Your Guide to Shampoo and Conditioners
For anyone lucky enough to be born with a lustrous, shining mane, that quick routine is fine. The rest of us need to put more effort into caring for our hair.
"If you have gorgeous hair and it looks gorgeous no matter what you do to it, then it doesn't really matter. But the unfortunate fact is most of us don't have that," says dermatology professor Amy McMichael, MD, of Wake Forest Baptist Medical Center.
With so many options in those bottles, the first step is to figure out what suits your hair.
What’s Your Hair Type?
Is your hair texture curly or straight? Does it frizz or fall flat? Do you color it?
For each hair type there's a shampoo made for it.
"Different shampoos have different features and benefits, so in order to maintain the most vitality and luster, it's important to match what your hair needs to the features and benefits that are right for you," says Nick Arrojo, owner and founder of ARROJO NYC and author of Great Hair: Secrets to Looking Fabulous and Feeling Beautiful Every Day.
The easiest way to find the right shampoo is to look for words on the label that match your hair type, such as "dry," "oily," "fine," or "frizzy."
- Fine hair: Wash your hair with a ‘volumizing’ shampoo to add body.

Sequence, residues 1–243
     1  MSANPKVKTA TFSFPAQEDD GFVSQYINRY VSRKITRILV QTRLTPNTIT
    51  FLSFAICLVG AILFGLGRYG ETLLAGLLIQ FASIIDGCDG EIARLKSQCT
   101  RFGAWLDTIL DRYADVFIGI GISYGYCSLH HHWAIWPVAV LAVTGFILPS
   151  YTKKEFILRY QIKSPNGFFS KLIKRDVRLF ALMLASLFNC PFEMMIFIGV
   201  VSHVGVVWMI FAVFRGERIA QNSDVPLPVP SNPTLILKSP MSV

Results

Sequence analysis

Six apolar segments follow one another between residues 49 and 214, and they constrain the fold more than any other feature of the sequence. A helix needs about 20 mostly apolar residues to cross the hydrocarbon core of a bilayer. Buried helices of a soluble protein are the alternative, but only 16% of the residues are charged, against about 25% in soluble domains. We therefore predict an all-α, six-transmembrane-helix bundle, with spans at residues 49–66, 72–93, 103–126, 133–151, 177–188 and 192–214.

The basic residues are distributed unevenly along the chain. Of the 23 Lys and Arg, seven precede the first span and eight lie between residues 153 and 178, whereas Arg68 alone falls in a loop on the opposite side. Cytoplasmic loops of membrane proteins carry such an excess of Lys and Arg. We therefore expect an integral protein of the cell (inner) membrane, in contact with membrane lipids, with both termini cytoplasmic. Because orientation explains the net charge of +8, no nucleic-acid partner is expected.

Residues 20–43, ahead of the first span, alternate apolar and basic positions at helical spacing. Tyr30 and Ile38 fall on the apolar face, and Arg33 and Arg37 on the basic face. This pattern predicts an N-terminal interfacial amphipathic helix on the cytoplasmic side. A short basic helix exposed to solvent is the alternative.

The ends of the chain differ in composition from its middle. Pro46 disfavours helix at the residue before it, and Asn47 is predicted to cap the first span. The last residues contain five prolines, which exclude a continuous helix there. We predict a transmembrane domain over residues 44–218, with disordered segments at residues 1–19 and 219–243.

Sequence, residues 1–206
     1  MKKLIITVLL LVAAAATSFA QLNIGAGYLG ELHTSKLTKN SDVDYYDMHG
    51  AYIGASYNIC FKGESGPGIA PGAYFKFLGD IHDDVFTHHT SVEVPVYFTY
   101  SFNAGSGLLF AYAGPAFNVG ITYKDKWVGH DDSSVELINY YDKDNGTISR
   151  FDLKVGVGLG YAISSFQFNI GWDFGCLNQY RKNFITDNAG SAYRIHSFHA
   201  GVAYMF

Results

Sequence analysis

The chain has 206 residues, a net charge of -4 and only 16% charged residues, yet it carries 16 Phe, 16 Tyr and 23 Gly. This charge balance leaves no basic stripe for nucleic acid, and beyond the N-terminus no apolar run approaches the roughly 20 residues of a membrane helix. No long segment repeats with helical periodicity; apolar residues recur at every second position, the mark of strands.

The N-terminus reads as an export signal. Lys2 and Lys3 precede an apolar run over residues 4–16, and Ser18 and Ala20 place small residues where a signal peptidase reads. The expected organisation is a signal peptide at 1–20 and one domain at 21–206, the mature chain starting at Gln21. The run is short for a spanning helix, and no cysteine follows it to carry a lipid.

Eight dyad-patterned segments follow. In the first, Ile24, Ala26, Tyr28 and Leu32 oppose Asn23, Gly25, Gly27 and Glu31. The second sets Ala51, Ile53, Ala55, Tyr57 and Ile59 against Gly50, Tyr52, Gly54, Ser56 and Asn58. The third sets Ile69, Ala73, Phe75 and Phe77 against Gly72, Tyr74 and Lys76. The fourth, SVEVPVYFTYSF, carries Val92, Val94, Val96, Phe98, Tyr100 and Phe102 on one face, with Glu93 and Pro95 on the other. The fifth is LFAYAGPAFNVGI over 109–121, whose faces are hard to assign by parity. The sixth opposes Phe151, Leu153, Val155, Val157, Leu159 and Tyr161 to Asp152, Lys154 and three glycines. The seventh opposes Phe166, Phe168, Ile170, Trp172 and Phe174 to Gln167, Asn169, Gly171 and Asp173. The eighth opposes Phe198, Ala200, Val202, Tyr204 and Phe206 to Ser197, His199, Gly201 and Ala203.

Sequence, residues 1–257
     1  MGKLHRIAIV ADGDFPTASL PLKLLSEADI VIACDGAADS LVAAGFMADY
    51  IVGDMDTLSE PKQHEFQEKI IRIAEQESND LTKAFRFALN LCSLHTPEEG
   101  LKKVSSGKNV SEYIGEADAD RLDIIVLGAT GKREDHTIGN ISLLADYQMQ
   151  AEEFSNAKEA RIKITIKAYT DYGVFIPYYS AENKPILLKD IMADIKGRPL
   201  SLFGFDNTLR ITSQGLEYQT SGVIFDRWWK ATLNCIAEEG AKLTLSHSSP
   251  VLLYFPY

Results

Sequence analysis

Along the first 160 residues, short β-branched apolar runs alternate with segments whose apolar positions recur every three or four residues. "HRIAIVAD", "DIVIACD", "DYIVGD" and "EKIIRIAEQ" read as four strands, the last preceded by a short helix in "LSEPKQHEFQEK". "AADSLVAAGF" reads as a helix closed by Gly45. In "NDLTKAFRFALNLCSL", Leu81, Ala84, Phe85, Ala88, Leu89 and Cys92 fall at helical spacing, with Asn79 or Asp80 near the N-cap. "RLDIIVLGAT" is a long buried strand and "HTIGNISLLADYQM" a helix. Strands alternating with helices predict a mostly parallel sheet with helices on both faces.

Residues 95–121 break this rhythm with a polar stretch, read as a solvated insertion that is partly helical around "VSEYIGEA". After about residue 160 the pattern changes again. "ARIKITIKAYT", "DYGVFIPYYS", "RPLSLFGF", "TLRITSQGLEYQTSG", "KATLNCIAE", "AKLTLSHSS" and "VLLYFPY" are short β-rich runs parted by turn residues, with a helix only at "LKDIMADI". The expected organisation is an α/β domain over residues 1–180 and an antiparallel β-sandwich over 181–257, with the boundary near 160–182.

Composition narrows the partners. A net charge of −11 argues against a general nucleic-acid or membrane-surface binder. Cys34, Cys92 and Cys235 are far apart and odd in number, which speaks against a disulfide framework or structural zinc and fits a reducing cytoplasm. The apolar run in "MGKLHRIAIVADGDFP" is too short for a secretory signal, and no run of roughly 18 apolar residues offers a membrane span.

- Curly hair: To tame flyaway hair and prevent dry, damaged-looking tresses, McMichael suggests a shampoo specifically for dry or chemically treated hair.
- Dry hair: "Look for shampoos with intensive moisture replenishment," Arrojo suggests. He recommends scanning the ingredient list for natural oils, which are absorbed by hair. Coconut oil is "one of the best emollients in hair care," he says. Others are avocado oil, grapeseed oil, and argan oil.
- Oily hair: Arrojo suggests buying a shampoo specifically formulated for oily hair. Stay away from shampoo that bills itself as moisturizing or conditioning. You don’t want to add more moisture to oily hair. If dandruff is also a problem -- which it often is with oily hair -- treat it with an anti-dandruff shampoo containing ingredients like ketoconazole, zinc pyrithione, or selenium sulfide. "People think of dandruff as a dry scalp issue, but really your scalp is oil-producing and certain people make more oils than others," McMichael says. Yeast that live on the scalp feast on those oils and produce irritating byproducts that make the scalp flake.
- Color-treated hair: Choose a color-preserving shampoo that won't strip out the highlights you just spent a fortune on at the salon, Arrojo says.
Once you've found the right type of shampoo for your hair, try different brands until you find one you like, McMichael says.